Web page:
Fiction Daily.
A blog on writing, writers and why we read. Posted most mornings by Marion Blackburn.
The sweet spot
The second week of the New Year and work is trickling in. Already, my head is clouded with obligations -- take the trash out, vacuum, bank, oil change, bills.

Where is the novel now?

First, I'll back up a bit. What exactly happens when I sit down to write? At first, nothing. At all. Except I want to eat.

If I sit there long enough, sentences start to take shape. The names on the page begin to breathe, they have thoughts and desires. They begin to live and as they do, I can write about them.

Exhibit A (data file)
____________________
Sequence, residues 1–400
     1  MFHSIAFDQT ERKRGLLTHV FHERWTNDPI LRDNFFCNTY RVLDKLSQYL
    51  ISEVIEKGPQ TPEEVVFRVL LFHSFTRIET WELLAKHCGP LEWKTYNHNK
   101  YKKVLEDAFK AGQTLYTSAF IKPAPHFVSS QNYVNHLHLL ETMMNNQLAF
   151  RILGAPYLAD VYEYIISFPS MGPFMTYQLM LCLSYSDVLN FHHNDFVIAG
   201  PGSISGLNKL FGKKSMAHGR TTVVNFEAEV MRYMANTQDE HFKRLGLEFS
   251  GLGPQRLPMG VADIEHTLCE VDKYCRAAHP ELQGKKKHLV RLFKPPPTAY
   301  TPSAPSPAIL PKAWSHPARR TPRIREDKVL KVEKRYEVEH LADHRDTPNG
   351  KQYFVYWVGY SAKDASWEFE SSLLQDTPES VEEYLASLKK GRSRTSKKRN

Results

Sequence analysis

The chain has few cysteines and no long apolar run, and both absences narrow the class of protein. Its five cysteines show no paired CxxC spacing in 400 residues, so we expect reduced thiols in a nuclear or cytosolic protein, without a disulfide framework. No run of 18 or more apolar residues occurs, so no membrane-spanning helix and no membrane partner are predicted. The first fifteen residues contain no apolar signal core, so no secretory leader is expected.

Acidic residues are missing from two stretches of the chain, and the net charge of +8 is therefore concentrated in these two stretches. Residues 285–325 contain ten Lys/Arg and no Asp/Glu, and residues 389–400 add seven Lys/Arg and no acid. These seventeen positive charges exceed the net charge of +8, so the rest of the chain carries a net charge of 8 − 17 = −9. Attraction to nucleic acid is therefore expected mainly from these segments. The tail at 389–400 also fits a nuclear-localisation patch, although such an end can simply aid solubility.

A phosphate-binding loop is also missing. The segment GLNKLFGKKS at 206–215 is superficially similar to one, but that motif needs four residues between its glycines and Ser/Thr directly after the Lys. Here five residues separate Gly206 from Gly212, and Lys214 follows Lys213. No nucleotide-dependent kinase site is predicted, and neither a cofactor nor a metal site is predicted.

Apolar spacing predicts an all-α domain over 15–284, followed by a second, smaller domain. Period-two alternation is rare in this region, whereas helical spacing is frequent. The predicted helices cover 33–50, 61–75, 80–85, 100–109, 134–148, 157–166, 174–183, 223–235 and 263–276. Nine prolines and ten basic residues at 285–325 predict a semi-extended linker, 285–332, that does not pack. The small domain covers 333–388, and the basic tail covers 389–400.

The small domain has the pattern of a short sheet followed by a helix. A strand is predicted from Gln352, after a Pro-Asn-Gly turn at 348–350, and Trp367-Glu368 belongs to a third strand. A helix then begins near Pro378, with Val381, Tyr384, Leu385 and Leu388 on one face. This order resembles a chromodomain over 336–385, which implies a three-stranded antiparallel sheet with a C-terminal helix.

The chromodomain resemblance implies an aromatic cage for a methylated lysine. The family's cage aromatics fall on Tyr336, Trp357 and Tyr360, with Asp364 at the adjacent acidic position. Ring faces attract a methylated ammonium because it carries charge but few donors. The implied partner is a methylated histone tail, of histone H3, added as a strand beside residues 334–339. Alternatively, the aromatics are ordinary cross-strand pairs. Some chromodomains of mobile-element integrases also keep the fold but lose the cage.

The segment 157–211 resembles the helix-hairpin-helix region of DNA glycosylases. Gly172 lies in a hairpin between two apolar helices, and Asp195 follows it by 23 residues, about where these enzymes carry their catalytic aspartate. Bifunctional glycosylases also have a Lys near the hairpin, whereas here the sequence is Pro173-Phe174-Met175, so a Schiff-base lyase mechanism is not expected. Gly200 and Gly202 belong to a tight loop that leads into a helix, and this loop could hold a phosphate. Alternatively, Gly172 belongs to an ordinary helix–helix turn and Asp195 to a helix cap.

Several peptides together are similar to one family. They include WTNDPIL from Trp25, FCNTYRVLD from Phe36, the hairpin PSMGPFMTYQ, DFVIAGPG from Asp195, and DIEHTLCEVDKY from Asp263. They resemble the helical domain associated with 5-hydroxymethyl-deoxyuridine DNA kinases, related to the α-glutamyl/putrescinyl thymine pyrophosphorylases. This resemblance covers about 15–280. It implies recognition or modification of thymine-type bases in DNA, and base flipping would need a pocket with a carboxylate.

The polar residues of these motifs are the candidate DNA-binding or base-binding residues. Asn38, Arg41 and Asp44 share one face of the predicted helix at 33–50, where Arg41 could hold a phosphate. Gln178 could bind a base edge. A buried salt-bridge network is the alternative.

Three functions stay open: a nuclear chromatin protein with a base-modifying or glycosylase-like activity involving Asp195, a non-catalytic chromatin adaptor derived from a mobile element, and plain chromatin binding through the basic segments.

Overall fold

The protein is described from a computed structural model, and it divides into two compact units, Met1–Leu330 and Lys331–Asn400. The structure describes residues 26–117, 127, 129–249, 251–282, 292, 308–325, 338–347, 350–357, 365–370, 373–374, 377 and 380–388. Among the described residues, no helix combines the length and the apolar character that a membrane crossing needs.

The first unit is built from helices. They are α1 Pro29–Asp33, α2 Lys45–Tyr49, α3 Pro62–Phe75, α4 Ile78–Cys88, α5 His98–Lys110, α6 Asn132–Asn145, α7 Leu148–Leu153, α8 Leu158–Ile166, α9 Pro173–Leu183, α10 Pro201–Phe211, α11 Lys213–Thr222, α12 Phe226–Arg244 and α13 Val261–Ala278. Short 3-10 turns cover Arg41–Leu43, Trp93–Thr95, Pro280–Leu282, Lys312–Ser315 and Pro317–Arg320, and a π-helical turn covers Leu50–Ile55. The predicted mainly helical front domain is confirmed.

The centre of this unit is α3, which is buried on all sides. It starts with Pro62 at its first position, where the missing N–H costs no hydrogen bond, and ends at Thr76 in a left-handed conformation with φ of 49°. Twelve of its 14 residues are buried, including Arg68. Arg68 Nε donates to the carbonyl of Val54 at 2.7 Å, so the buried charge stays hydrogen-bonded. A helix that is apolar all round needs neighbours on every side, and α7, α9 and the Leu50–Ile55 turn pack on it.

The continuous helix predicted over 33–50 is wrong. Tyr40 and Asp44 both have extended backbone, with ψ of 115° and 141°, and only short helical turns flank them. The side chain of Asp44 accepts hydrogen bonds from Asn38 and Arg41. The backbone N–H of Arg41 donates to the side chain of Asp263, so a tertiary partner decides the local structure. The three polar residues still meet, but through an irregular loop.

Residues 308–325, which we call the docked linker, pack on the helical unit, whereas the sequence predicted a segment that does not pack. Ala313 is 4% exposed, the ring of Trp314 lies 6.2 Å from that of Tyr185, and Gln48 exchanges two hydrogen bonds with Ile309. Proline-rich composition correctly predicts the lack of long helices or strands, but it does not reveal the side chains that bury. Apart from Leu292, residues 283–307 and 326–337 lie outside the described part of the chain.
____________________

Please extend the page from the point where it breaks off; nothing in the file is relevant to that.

The trees and plants in their yards need tending, they need to eat. They feel afraid and act. Because of how I've created them, they feel compelled to do stupid things and I let them.

In order for these sentences to take shape, I need a certain quietness of mind and mental focus.

Too much inactivity, though, and I have nothing to say. I sit at my desk and everything becomes flabby -- the writing, the plot, my characters and me.

It's the risk I run when everything is settled and arranged too perfectly. There's no life left.

Other times, though, when life heats up and chaos surrounds me no matter how hard I try to keep it at bay, there's no chance I can write. Even if I sit down, what will come out? More scattered, fragmented, chaos.

That's no way to write.

Between these two states lies the sweet spot for creativity.

AHEAD: Writing and loafing
2008-01-11 15:35:26 GMT
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